Plants in Piketon and Paducah receive five-year extensions
BETHESDA, Md. – USEC Inc. announced Tuesday the U.S. Nuclear Regulatory Commission (NRC) has officially recertified USEC’s operations at the gaseous diffusion uranium enrichment plants in Piketon and Paducah, Ky., for five more years.
The renewed certificates of compliance indicate USEC’s operations at the plants comply with all NRC safety, public health, environmental and security regulations.The plants are required to be recertified by the NRC every five years, with the current certificates set to expire Dec. 31.
The Nuclear Regulatory Commission has recertified two gaseous diffusion plants (GDPs) operated by the United States Enrichment Corporation (USEC).
The recertifications, valid until Dec. 31, 2013, allow USEC to continue operating the plants near Paducah, Ky., and Portsmouth, Ohio. The recertifications are required under the Atomic Energy Act of 1954 (AEA), as amended by the Energy Policy Act of 1992, which created USEC. The certifications establish that the plants are in compliance with safety, safeguards and security regulations established by the NRC for these facilities. USEC applied for the recertifications in April.
On Dec. 17, the NRC issued a report to Congress on the operation of the GDPs, covering the period from Oct. 1, 2003, to Sept. 30, 2008. The report is required by the AEA no later than the date on which a certification is issued. The certifications were issued Dec. 22.
NRC: Indian Point must consider impact on Hudson fish | The Journal News
Hudson River fish won’t be left out of the debate over whether Indian Point should be allowed to operate an extra 20 years.
Federal regulators agreed today that the aquatic health of the historic body of water must be included in any environmental review of the nuclear plant’s application to continue operating until 2035.
“For Indian Point, (the staff) did find that for some of these (environmental) areas, the impacts would be small-to-moderate, or in the case of the aquatic species, small-to-large,” said Neil Sheehan, a spokesman for the Nuclear Regulatory Commission.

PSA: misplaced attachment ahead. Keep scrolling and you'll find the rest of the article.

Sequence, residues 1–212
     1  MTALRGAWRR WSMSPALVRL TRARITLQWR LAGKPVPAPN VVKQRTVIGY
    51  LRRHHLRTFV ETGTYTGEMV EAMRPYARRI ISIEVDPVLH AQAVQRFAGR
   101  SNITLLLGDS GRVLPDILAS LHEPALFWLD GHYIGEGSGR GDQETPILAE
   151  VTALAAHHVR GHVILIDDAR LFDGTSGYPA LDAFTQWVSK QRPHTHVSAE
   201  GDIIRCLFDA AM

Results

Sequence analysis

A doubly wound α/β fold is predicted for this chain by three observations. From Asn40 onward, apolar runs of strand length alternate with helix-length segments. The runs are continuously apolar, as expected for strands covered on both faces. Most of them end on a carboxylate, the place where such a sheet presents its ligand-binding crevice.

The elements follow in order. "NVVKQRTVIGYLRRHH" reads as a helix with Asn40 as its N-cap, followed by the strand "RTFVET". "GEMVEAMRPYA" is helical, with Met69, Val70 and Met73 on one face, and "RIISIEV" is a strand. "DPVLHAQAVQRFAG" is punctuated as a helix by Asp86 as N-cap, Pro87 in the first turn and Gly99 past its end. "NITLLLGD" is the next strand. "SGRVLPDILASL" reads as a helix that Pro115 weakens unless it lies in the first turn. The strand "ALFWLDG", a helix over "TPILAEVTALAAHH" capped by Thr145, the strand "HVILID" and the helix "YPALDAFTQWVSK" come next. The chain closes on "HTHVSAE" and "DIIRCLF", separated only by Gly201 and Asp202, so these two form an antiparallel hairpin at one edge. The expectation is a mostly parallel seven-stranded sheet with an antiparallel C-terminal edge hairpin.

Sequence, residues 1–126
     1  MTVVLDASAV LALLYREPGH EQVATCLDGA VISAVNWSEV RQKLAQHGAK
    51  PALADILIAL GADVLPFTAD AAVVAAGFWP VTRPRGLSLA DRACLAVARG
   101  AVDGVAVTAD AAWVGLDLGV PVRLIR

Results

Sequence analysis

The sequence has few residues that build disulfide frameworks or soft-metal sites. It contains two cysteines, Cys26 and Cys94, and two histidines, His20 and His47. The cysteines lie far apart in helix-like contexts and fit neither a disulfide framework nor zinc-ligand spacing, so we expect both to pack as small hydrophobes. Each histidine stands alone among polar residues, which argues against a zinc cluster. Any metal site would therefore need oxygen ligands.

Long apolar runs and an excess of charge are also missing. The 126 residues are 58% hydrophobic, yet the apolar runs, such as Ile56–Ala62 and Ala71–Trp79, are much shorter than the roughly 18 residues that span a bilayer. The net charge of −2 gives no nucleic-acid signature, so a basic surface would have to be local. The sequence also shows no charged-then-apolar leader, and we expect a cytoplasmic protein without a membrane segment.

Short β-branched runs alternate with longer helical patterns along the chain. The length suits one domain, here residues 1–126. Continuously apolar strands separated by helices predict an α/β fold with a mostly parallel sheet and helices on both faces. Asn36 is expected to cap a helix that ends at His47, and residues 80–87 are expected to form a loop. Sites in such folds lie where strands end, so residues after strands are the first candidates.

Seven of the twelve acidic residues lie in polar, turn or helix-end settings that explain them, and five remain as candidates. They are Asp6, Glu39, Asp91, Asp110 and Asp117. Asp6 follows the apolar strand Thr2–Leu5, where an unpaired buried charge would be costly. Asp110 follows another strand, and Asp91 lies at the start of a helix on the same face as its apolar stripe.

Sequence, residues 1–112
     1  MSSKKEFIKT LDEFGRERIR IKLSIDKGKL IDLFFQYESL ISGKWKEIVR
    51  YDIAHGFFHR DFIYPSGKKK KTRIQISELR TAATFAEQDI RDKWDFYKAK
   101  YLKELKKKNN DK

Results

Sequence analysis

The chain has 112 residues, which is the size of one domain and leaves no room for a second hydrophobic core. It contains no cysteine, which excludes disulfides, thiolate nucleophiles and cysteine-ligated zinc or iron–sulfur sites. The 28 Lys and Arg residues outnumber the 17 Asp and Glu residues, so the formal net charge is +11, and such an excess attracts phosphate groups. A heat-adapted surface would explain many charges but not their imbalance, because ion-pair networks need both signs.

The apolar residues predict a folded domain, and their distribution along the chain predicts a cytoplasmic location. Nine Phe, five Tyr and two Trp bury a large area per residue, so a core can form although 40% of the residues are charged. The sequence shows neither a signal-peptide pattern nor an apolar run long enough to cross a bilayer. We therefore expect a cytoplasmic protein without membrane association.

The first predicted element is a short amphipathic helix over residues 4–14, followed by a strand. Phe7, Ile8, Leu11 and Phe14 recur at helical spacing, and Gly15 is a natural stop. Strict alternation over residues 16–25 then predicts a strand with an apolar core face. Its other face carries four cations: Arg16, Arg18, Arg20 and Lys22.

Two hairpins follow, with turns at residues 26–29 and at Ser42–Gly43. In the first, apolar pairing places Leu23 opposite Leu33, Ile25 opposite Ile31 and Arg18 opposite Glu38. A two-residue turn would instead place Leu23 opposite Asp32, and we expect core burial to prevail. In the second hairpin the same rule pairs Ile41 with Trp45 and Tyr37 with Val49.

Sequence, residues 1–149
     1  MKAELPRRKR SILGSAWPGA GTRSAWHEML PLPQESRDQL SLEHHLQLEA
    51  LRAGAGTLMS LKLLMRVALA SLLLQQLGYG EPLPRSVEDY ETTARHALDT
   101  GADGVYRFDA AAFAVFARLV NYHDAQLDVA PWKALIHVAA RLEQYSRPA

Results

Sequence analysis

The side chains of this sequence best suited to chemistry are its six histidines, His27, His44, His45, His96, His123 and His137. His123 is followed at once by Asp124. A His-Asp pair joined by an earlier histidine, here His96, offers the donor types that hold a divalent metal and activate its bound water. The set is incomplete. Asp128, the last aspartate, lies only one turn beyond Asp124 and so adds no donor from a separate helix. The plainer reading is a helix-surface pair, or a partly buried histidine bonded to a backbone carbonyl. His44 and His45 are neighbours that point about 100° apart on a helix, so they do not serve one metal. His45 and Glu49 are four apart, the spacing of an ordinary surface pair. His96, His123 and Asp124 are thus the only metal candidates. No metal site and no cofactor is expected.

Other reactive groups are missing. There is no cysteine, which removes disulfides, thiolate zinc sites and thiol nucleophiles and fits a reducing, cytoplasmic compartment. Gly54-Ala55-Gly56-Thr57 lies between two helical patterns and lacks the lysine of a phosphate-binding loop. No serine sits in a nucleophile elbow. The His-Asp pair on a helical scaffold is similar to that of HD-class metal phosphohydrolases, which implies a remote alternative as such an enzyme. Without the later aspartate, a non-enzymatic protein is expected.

NRC: Challenge should be rejected
The U.S. Nuclear Regulatory Commission has filed a brief urging a review panel to reject environmentalists’ petition for new hearings on a proposed nuclear power plant expansion.
In a brief dated Dec. 15, NRC asked an Atomic Safety and Licensing Board, recently established to review the petition, to reject it because of a lack of standing and of relevant claims. However, NRC does recommend granting an extension for revision on the groups’ petition, provided the revisions are related to NRC delays in providing necessary documents.
FR: NRC: GEIS vogtle license renewal
Southern Nuclear Operating Company, Inc.; Notice of Availability of the Final Supplement 34 to the Generic Environmental Impact Statement for License Renewal of Nuclear Plants, Regarding the License Renewal of Vogtle Electric Generating Plant, Units 1 and 2
NRC – NRC to Provide Additional Oversight to San Onofre Nuclear Generating Station
The San Onofre Nuclear Generating Station will receive additional oversight from the U.S. Nuclear Regulatory Commission as a result of a “white” inspection finding related to problems with an emergency battery used for supplying power to plant safety systems. The plant, operated by Southern California Edison Co., is located near San Clemente, Ca.
NRC inspectors found that the battery used to supply power to plant safety systems under some accident conditions, was inoperable between 2004 and 2008 because of loose electrical connections caused by inadequate maintenance instructions. The problem was discovered on March 25 during testing, prompting the NRC to conduct a special inspection.